It marks a truly transformational ascent from just 1.9p in around six years. Since those lowly days much has changed, not least the management and company’s basic strategy.
Sirius is on the cusp of developing a world class mine in North Yorkshire, and that has been the catalyst for investors. Indeed, the Sirius share price has increased by around 175% so far in 2017.
Naturally the AIM is as popular as ever and it has attracted a great number of followers.
In a nutshell, Sirius Minerals is a small cap company (albeit a little less so by the day) with a large, strategic asset based in the UK.
Crucially it will produce a fertiliser product that will be greatly in demand for decades to come as concerns over future food scarcity come more sharply into focus, and agricultural operations seek ways to enhance crop yields.
Most analysts start from the basic premise that the market for fertilisers can only grow as the world population continues to increase. More productivity needs to be wrung from a finite amount of land in order to keep the people fed.
That’s why new fertiliser products like Sirius’s polyhalite have been able to gain traction in a space where several established players, such as Mosaic (NYSE:MOS), Uralkali (LON:URALL), PotashCorp (TSE:POT) and Agrium (NYSE:AGU), already produce well-established products.
Anyone coming cold to the company’s story will have a lot to catch up on, and some may be forgiven for feeling as though they’ve missed the boat.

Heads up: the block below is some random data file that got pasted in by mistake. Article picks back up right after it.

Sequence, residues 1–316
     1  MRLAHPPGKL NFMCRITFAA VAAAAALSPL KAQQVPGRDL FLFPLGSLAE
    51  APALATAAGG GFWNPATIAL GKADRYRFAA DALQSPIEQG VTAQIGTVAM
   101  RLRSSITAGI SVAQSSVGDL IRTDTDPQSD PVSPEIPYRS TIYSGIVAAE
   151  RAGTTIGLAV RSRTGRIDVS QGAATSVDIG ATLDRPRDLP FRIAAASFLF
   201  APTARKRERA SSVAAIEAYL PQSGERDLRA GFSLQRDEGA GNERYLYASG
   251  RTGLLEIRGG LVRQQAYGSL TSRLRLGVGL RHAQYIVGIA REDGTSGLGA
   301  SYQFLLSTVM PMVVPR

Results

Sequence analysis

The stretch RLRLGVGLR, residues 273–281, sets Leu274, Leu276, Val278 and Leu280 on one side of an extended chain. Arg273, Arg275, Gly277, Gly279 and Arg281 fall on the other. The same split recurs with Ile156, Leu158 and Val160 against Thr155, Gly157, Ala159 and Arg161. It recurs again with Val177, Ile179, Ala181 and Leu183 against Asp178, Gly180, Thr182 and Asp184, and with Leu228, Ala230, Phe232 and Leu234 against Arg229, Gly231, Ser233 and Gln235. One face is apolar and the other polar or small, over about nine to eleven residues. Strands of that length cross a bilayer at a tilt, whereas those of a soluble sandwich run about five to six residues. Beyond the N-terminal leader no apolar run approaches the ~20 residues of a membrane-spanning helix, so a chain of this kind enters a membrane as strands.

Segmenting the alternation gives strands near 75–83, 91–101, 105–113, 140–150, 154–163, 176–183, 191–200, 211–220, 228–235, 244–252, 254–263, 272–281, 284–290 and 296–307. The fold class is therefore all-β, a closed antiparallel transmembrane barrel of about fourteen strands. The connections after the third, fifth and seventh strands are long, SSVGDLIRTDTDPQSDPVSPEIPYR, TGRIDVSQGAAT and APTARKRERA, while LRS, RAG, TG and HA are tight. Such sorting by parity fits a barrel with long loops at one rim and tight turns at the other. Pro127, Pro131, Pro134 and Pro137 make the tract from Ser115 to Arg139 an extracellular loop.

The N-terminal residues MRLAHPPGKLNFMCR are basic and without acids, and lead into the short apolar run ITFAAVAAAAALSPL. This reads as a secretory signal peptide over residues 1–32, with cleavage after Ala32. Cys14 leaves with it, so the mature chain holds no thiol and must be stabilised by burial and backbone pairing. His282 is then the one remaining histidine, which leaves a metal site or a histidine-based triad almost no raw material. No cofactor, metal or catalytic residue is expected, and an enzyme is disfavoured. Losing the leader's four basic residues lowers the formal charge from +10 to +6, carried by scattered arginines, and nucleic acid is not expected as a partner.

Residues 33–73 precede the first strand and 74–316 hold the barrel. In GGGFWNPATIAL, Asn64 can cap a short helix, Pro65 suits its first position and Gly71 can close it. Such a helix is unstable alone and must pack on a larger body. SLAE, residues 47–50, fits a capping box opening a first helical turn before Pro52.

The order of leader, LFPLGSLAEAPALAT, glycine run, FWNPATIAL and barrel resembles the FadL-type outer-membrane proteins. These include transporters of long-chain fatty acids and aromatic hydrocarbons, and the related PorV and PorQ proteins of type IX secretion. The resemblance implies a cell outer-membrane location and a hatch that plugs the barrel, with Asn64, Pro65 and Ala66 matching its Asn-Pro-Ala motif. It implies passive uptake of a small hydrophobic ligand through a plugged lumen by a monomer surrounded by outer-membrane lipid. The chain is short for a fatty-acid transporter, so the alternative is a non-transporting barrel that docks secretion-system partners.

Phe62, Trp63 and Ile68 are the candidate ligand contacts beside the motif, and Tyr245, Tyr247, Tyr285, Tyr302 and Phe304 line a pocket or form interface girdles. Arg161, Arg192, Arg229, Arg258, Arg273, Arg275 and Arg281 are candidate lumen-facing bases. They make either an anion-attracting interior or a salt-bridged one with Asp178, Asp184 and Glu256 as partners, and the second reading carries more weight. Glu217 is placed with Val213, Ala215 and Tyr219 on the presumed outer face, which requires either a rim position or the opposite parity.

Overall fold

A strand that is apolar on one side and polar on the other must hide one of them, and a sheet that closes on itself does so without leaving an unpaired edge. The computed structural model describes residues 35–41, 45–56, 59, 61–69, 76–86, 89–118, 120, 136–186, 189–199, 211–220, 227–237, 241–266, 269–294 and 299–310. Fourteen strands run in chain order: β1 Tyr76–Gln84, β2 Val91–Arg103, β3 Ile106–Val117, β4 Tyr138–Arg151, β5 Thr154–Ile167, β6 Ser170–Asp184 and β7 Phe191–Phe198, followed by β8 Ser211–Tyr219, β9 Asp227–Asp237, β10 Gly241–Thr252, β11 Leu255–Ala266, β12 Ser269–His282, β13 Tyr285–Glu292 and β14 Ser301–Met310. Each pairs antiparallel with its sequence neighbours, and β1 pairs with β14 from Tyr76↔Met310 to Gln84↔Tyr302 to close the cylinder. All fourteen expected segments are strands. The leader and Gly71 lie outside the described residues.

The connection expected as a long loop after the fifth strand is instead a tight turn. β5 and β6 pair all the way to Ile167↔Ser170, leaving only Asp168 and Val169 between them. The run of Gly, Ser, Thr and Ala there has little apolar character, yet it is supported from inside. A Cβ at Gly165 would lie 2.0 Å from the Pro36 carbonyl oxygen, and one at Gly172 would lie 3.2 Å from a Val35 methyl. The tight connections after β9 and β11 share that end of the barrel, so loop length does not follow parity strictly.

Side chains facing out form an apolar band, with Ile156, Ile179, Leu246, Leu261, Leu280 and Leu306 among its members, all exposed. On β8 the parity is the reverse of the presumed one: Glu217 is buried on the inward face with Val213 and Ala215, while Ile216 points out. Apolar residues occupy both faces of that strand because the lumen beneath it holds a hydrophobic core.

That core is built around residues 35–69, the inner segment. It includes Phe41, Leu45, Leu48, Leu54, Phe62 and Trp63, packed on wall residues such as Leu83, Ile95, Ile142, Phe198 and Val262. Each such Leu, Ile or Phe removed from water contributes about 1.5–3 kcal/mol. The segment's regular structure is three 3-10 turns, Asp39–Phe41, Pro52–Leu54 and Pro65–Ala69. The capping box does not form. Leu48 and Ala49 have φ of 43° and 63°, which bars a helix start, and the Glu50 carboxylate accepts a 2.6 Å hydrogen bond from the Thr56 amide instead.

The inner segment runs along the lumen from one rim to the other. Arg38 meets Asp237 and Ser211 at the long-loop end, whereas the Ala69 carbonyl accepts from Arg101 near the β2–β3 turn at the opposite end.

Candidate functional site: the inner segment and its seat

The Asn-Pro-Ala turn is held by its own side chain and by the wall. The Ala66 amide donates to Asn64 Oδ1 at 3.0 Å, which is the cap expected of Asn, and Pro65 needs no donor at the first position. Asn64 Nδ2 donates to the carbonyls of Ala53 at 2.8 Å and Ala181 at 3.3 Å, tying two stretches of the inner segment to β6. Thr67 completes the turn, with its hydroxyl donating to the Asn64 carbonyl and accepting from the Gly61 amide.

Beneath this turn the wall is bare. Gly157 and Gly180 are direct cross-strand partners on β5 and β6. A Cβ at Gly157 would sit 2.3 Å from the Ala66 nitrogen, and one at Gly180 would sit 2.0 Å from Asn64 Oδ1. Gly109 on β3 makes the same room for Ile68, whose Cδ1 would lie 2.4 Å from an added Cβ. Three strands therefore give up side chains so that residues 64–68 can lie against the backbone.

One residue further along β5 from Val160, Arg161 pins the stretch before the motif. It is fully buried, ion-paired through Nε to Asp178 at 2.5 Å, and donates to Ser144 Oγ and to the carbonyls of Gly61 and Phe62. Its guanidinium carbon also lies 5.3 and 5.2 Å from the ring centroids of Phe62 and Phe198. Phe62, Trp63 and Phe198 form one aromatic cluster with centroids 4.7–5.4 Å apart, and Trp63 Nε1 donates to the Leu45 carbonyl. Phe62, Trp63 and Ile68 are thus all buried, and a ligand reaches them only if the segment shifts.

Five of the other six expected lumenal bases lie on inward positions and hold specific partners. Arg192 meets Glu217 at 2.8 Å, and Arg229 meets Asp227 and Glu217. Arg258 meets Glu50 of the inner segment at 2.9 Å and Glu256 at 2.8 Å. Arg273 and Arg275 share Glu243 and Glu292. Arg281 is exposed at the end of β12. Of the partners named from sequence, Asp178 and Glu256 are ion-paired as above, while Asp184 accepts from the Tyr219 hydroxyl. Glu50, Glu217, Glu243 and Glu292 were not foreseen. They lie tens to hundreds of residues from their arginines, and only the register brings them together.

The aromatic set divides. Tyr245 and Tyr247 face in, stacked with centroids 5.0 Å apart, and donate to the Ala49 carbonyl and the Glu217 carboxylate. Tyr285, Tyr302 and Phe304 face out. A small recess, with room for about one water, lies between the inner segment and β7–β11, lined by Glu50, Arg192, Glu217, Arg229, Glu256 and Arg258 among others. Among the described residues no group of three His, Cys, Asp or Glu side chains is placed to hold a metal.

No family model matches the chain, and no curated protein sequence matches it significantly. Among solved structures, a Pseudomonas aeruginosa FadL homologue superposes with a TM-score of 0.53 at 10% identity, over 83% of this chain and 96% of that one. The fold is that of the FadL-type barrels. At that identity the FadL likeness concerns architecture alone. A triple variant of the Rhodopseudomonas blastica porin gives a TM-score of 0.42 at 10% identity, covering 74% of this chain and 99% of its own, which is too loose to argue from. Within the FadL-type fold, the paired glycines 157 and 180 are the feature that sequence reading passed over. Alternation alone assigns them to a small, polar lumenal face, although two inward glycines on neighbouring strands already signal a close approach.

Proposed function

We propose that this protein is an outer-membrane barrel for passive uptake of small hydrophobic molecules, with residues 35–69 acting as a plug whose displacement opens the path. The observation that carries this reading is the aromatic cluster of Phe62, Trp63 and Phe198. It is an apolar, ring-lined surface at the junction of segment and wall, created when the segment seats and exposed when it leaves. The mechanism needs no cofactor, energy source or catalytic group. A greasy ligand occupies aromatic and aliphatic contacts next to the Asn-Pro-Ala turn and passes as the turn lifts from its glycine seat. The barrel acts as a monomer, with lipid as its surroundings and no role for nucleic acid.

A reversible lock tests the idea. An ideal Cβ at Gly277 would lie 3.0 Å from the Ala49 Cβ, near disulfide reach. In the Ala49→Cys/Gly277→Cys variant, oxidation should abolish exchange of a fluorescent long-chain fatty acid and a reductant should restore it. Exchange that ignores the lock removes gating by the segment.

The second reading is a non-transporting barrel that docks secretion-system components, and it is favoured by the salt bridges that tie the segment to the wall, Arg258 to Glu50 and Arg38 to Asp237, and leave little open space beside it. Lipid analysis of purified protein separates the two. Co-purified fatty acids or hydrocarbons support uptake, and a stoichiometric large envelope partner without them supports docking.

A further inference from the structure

Here we take a closer look at London’s increasingly high profile fertiliser companies.
Harvest Minerals: With a 300% rally the AIM share is no slouch
If it wasn’t for the stellar rise of Sirius Minerals this very write-up would likely have begun with 300 words on Harvest Minerals Limited (LON:HMI).
After all its shares are up more than 300% in what would normally be a summer trading lull through July and August.
Last month, the Brazil-focused potash explorer told investors that new resource estimates at the Arupua project, following a drill programme on only 3% of the property, were sufficient for the company to green-light plans for a trial mining operation.
Harvest Minerals soon after revealed the positive findings of a scoping study which underlined the economic potential of developing Arapua.
In the words of chief executive Brian McMaster: “The project’s where we wanted it to be.”
There are still some hurdles to be cleared, but none that McMaster thinks are insurmountable.
“We’re finalising the process for our permitting,” he says. “It’s not a complicated process and the government has just gazetted a plan to make fertiliser projects a priority. We’ve got to retain a contractor and we’ve got a quote on the desk already.”
What it adds up to is that first production from trial mining is likely to take place before the rains set in this November.
“We’ll do 100,000 tonnes in the first run under the terms of our trial mining license.”
African Potash: The trader's had a rollercoaster eighteen months
The African Potash Ltd (LON:AFPO) share price chart resembles silhouette of a roller coaster – albeit more akin to an old fashioned wooden ‘big dipper’ with some rolling peaks and troughs rather than a contemporary Oblivion-like vertical drop.
The longer-term plan is to create a vertically integrated operator that has the mining, processing and marketing skills to tap into a region that buys an estimated 10mln tonnes of fertiliser a year.